Cognitive processes mediate the post-traumatic stress trajectory in adolescents

Dr Jessica Edwards

Jessica received her MA in Biological Sciences and her DPhil in Neurobehavioural Genetics from the University of Oxford (Magdalen College). After completing her post-doctoral research, she moved into scientific editing and publishing, first working for Spandidos Publications (London, UK) and then moving to Nature Publishing Group. Jessica is now a freelance editor and science writer, and started writing for “The Bridge” in December 2017.

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A new study has shown that cognitive processes shape the early reactions of children and adolescents to traumatic stressors, and mediate the transition to persistent and clinically significant post-traumatic stress symptoms (PTSS). Meiser-Stedman and colleagues conducted a prospective, longitudinal study of >200 youths aged 8-17 years who had attended hospital after experiencing a single trauma. They made assessments at 2-4 weeks and 2 months post-trauma, using structured interviews and self-report questionnaires to categorize each patient as being on a resilient, recovery or persistent PTSS trajectory.

The data showed that cognitive processes at the 2-4 week assessment were the most powerful predictors of the onset and maintenance of PTSS. The onset of acute, clinically significant PTSS was associated with perceived threat, data-driven processing1 and pain, while the maintenance or persistence of PTSS at the 2-month follow-up was associated with more poorly elaborated, sensory-based trauma memories, persistent dissociation, trauma-related rumination and negative appraisals of the trauma.

Overall, the researchers found that very early reactions to trauma in youths may be conceived of as a common reaction to the trauma and that in many cases, such reactions will diminish over the coming weeks. The presence of negative appraisals of the trauma and its sequelae, however, disrupts these recovery processes. Given the novelty of these findings, the researchers concede that more research into the mechanisms of PTSS is needed before any strong recommendations regarding clinical interventions are made. They do suggest, however, that their data might support targeting negative appraisals in the psychological prevention and treatment of post-traumatic stress disorder. In addition, they propose that there is a need to better recognise and address ruminative thinking styles (rather than only avoidance) in youths affected by trauma.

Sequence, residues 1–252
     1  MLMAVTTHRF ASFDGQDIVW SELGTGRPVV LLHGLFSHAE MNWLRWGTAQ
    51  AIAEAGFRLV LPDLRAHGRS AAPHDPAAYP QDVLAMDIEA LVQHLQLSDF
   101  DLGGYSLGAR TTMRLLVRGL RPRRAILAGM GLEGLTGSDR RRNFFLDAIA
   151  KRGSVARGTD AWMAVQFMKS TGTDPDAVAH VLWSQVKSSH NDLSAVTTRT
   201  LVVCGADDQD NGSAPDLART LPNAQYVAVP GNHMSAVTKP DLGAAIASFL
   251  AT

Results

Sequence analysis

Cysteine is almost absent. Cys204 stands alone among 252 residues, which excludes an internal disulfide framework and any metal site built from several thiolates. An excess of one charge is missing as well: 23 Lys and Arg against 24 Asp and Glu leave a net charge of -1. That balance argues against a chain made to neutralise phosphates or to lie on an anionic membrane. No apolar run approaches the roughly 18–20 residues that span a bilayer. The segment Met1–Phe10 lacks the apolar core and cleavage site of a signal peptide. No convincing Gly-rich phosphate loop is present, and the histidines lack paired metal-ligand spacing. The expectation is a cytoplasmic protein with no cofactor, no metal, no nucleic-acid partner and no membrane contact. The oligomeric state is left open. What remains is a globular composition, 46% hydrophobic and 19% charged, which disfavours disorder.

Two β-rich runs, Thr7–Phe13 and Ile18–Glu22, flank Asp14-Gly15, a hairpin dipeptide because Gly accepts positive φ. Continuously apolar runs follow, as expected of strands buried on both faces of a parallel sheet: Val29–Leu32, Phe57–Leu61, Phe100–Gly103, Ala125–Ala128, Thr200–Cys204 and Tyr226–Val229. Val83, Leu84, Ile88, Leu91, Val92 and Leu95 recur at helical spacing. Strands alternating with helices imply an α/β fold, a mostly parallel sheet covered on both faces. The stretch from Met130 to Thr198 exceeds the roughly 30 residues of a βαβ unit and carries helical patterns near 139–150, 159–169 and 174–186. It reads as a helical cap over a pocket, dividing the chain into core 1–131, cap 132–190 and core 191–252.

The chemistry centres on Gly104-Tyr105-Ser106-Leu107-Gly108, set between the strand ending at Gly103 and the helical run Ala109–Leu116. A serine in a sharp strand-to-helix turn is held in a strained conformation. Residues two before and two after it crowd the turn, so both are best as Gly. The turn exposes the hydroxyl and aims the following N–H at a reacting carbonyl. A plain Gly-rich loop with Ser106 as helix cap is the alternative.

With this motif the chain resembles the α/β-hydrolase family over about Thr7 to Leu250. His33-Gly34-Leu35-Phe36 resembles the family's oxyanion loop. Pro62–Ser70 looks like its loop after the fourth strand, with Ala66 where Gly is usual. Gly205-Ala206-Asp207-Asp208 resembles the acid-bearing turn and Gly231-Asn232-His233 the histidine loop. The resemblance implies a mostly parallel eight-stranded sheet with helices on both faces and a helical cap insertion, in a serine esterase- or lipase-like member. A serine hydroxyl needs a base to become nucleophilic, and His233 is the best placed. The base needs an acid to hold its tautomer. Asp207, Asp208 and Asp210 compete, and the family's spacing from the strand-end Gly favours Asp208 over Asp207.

Meiser-Stedman, R., McKinnon, A., Dixon, C., Boyle, A., Smith, P. and Dalgleish, T. et al. (2019), A core role for cognitive processes in the acute onset and maintenance of post-traumatic stress in children and adolescents. J. Child Psychol. Psychiatr. 60:875-884. doi: 10.1111/jcpp.13054.

 Further reading

1Ehlers, A. et al. (2000), A cognitive model of posttraumatic stress disorder. Behav. Res. Ther. 38:319-345. doi: 10.1016/S0005-7967(99)00123-0.


Data-driven processing: A sensory analysis that focuses on incoming sensory data, which is then transmitted to the brain and processed to form a visual experience. This form of processing requires no previous knowledge or learning; as such, it is also known as bottom-up processing, as opposed to top-down (conceptual) processing. In the context of trauma, data-driven processing refers to the processing of the sensory impression of the traumatic situation and the perceptual characteristics, rather than the meaning of the event. Here, data-driven processing is thought to result in a poorly elaborated, perceptually encoded memory trace, whereas top-down processing will result in contextualized memory representations.1

Dissociation: A feeling of being disconnected from a sensory experience, such as a traumatic event, or from one’s self or personal history.

Rumination: A tendency to repetitively think about the causes, situational factors and consequences of a negative emotional experience or trauma.

A pdf version of this article is available to download.



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